How to Read a Mining Company Balance Sheet

To the average person, the purport of the items and figures on the balance sheet of a mining company are hazy and the real financial condition of the company is cloaked in obscurity. It is also likely that the satisfaction of the stockholder in his investment, as well as the determination of the prospective investor, rests more on the reputation of the company, his confidence in the management, the stated earnings per share and the dividends paid, than on a comprehension of the information contained in the balance sheet.

The balance sheet of any company at best can only closely approximate the true financial condition as of a given date. Any item of asset, except cash, can probably be altered if another’s viewpoint is applied. It is difficult and expensive to drill and explore an orebody to determine the entire tonnage of ore therein. Those inherent difficulties render it practically impossible to prepare an absolutely correct balance sheet of a mining company.

It is possible, however, to present the facts of a mining company more intelligently and comprehensively than is usually done. With this in mind, a balance sheet of an imaginary mining company is submitted, with supporting schedules.

The same fundamental principles hold true whether we consider a large or a small company. Less complexity is involved in dealing with the affairs of a smaller company. Therefore, for this purpose, the assumed company operates but two mines and a smelting plant. It has been deemed advisable to introduce the features of the operation of a mine acquired prior to March 1, 1913 and one after that date. The presentation therefore is concerned in one mine with the appraisement as of March 1, 1913 and in the other with the appraisement by reason of discovery. A consequential factor pertains to dividends paid from depletion reserves and therefore free of surtax to the stockholders.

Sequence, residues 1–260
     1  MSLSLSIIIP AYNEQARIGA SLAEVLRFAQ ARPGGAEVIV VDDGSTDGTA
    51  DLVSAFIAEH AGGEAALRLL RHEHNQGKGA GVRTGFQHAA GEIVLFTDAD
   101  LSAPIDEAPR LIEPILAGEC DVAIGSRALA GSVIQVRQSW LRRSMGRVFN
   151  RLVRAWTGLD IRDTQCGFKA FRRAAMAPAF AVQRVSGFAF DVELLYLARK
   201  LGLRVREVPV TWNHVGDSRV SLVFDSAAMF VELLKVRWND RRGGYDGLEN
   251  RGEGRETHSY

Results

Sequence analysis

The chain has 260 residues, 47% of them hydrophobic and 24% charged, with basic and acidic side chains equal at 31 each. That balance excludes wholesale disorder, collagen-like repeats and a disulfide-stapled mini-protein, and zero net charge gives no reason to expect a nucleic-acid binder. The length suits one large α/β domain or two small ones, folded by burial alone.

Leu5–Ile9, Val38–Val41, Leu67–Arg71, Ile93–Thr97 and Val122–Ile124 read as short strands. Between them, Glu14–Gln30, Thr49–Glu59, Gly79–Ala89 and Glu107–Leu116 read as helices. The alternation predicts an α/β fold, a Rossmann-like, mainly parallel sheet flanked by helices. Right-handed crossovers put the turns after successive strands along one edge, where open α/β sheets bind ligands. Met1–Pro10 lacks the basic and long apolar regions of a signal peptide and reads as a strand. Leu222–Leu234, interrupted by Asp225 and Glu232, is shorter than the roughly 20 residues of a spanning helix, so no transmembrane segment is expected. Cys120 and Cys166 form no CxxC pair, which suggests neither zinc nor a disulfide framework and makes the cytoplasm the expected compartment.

While supporting schedules, when necessary, give details of certain items on the balance sheet, it seems desirable to give further explanations with respect to some of them. This seems to be important because some mining companies do not treat the items as indicated on the statements submitted.

  1. Mining Properties.—These properties are shown in the Assets at their appraised values, less depletion sustained.
  2. Concentration and Smelting Plants.—These plants are shown in the Assets at their cost less depreciation.
  3. Unrealized Appreciation.—This item is frequently included by mining companies in the Surplus Account. In the writer’s opinion this treatment anticipates profits and is misleading.

While the scope of this paper does not contemplate the consideration of the mechanics of accounting, it may be of interest to state that the mine product is charged with the depletion based on the original cost and like credit given to the Depletion Reserve Account pertaining to the original cost. This reserve account, while carried separately on the books, is deducted from the original cost on the balance sheet. The depletion based on the appreciated value is charged to Profit and Loss Account and credited to Depletion Reserve Account pertaining to appreciated value. While a separate account for such depletion is kept on the books, the depletion reserve is deducted from the original appreciated value in preparing the balance sheet, as is indicated on Schedule Nos. 1 and 2.

The yearly amount of depletion on account of appreciated value is transferred from Unrealized Appreciation to Realized Appreciation.

It will be observed that the current earnings since March 1, 1913, have been distributed. Such earnings must first be distributed before dividends not subject to surtax can be declared out of Depletion Reserves or Surplus as of March 1, 1913.

We are dealing with a company that is not in the process of liquidation but one that intends to reinvest in new properties, its depletion recovered from the original cost of the properties now in operation. For this reason the depletion sustained on the original cost is carried in a Depletion Reserve Account, from which dividends are not intended to be paid.